The above statement tries to create empathy for someone who has complete lack of personal responsibility. Soaring real estate prices have to do with the market: i.e. demand is higher than supply, and the price is created by what people are willing to spend. It's not some crazy conspiracy. Lack of job opportunities have to do with the market again. Jobs that will help pay off debt are rarely to be found in mountain towns. There are jobs, but one has to be willing to move to a city. Lastly, why should I empathize with someone who takes out huge college debt and then works in dish tank to catch turns. If you're going to take out debt you ought get a job which should help you pay it off. Instead, you hear some hypothetical rant that "someone else should pay higher taxes so I can go to college for free", that way "I can, guilt free, ski-bum."
Patrick wrote:About the life of the ski bum now and then, I think there were more ways of bumming, but I would diver to those you did. I didn't ski bum, but I know a few people that did.

So what? Economics change, how people live change. What people expect from life change. Business changes, and frankly how ski resorts run change too. I don't see why ski resorts need to focus their business models around ski bums who don't really have the disposable income to fill the coffers of a ski area. What seems to be entirely missing from this whole discussion is the elemental fact that Ski Areas are business, not charities.
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Re: Is the ski resort model dead?

Postby Patrick » Wed Nov 17, 2010 10:35 am

rfarren wrote:So what? Economics change, how people live change. What people expect from life change. Business changes, and frankly how ski resorts run change too. I don't see why ski resorts need to focus their business models around ski bums who don't really have the disposable income to fill the coffers of a ski area. What seems to be entirely missing from this whole discussion is the elemental fact that Ski Areas are business, not charities.


Where would the ski world be today without the ski bums? Some of them influenced the ski world as we know it today.
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Re: Is the ski resort model dead?

Postby soulskier » Wed Nov 17, 2010 11:30 am

rfarren wrote:So what? Economics change, how people live change. What people expect from life change. Business changes, and frankly how ski resorts run change too. I don't see why ski resorts need to focus their business models around ski bums who don't really have the disposable income to fill the coffers of a ski area. What seems to be entirely missing from this whole discussion is the elemental fact that Ski Areas are business, not charities.


There's a big difference between a $97 lift ticket, $15 cheeseburgers and heated chairlifts vs a charity.
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Re: Is the ski resort model dead?

Postby soulskier » Wed Nov 17, 2010 11:43 am

rfarren wrote:
It does seem there is a healthy amount of class warfare behind this whole thing. My real problem is with that little blurb:
"Dearest friends,

We are gathered here today to mourn the passing of the Lake Tahoe Ski Bum, who has met an untimely death at the hands of soaring real estate prices and shrinking job opportunities, whose tens of thousands of dollars in post-college debt snuffed out the dream of making eight bucks an hour washing dishes just to score some gnarly runs."


The above statement tries to create empathy for someone who has complete lack of personal responsibility. Soaring real estate prices have to do with the market: i.e. demand is higher than supply, and the price is created by what people are willing to spend. It's not some crazy conspiracy. Lack of job opportunities have to do with the market again. Jobs that will help pay off debt are rarely to be found in mountain towns. There are jobs, but one has to be willing to move to a city. Lastly, why should I empathize with someone who takes out huge college debt and then works in dish tank to catch turns. If you're going to take out debt you ought get a job which should help you pay it off. Instead, you hear some hypothetical rant that "someone else should pay higher taxes so I can go to college for free", that way "I can, guilt free, ski-bum."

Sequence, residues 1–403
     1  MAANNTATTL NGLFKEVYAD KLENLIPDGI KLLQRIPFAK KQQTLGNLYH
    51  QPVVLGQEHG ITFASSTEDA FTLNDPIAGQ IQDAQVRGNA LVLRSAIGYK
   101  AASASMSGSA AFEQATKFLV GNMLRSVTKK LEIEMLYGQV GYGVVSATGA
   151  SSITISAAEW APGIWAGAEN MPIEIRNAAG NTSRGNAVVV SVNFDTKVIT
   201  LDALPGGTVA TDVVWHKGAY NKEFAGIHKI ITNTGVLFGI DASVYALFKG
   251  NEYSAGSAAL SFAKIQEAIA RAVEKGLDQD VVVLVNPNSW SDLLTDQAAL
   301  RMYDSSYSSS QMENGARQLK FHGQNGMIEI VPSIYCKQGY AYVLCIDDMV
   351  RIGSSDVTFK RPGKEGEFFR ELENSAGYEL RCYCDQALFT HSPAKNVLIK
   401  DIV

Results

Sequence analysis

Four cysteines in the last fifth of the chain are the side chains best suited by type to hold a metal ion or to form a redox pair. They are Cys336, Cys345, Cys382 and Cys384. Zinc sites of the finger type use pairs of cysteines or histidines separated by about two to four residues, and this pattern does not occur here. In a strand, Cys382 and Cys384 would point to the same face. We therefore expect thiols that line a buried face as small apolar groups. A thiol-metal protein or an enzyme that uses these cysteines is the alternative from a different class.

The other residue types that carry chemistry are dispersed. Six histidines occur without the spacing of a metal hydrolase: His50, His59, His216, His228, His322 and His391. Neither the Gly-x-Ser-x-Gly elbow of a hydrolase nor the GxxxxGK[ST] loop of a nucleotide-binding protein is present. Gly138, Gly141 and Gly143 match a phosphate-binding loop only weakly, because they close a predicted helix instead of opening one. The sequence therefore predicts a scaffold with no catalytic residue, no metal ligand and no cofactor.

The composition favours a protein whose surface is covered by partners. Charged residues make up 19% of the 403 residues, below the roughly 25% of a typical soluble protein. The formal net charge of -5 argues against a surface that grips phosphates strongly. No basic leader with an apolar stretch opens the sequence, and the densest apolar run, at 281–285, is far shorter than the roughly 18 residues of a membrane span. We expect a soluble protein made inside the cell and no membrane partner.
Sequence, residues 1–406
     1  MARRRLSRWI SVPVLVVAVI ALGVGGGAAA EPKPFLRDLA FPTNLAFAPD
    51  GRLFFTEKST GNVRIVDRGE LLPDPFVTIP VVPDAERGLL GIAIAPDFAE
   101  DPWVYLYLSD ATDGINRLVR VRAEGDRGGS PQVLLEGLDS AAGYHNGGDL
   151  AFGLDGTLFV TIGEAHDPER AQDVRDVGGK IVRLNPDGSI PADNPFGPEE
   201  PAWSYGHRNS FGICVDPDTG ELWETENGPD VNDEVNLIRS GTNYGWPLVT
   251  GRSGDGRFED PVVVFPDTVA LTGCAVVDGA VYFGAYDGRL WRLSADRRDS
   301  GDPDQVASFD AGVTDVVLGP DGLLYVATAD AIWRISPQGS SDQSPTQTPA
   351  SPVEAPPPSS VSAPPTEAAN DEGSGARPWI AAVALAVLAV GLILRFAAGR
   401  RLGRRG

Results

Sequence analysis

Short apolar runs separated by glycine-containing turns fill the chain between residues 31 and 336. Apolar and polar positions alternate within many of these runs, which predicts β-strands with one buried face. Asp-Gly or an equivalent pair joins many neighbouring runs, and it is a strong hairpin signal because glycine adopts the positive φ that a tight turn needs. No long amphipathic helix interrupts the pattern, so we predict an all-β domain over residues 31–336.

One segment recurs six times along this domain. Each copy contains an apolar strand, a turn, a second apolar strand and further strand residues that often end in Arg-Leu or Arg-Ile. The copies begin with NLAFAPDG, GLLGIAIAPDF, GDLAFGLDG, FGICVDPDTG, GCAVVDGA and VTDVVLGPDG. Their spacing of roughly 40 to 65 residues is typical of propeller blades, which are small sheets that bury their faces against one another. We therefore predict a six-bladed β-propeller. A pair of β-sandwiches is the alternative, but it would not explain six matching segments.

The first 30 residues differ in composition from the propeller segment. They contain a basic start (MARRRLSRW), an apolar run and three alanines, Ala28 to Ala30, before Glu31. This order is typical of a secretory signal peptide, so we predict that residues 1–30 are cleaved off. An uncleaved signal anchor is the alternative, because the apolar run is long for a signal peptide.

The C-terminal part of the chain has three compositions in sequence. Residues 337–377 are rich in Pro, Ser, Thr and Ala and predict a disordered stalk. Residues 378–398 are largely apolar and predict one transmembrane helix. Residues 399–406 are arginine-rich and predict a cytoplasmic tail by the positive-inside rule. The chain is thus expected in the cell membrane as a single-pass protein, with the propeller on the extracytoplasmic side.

It isn't about personal responsibility. No one is asking for a handout or freebie. Why don't you read the book "The History of America's Disappearing Ski Bum", watch "Resorting to Madness" or read "Downhill Slide" and then engage in this conversation? Because right now, no offense, but you live in Manhattan, and there is no way you can know what is happening in ski towns around the country, especially the west coast.

For the record, I never went to college, nor am i debt, and I can afford to ski where I want.
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Re: Is the ski resort model dead?

Postby Patrick » Wed Nov 17, 2010 12:06 pm

soulskier wrote:For the record, I never went to college, nor am i debt, and I can afford to ski where I want.


And to show that me and soul skier have a different background. I grew up within 5-10 minutes walk from the old Montreal Forum, I lived in the central core of Ottawa and earn my living in a cube far from a six-digit. I won't go back on my family background except, I went to university and grad school, paid everything myself and got in a [censored] of debt. First trip out West was when I finished my bachelors degree (which I paid myself), first trip to the Alps was 3 years later. Never had any spring break trips and I skied every weekend at the old Mont Tremblant Lodge ski area as it was called back then. As a kid the only family skiing I did outside the Laurentians/Townships (trip away from Tremblant ended once my mom bought a small place in the village where she was born - might have 6 at that time) was on the odd day trip to Jay and once we went to Whiteface in 1980.

Yet I agree with him on the general objective of what he's trying to do and state of the current situation of skiing in general.
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Re: Is the ski resort model dead?

Postby Marc_C » Wed Nov 17, 2010 12:39 pm

Patrick wrote:Where would the ski world be today without the ski bums? Some of them influenced the ski world as we know it today.

Strawman much?
It would be the same, or different, or something in between.
So what.
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Re: Is the ski resort model dead?

Postby Tony Crocker » Wed Nov 17, 2010 12:42 pm

$97 lift ticket,

season pass far cheaper than 30 years ago

$15 cheeseburgers

brown bag????

heated chairlifts

This is a straw man if I ever saw one. How many of these actually exist in the U.S., other than the new one at The Canyons?

Adults can make their own choices according to their circumstances. I'm sure most of you think I spoiled Adam growing up, taking him to 82 ski areas by the time he got out of college. But now that he's skiing on his own dime it's with a season pass, shared ski house and brown bagging at $37 a day.

As I've stated before IMHO the aspect where ski expense needs most urgently to be addressed is for families with young children. Reading between the lines of Patrick's family history I think he would agree. But given the type of area soulskier touts, this subject does not appear to be on his radar.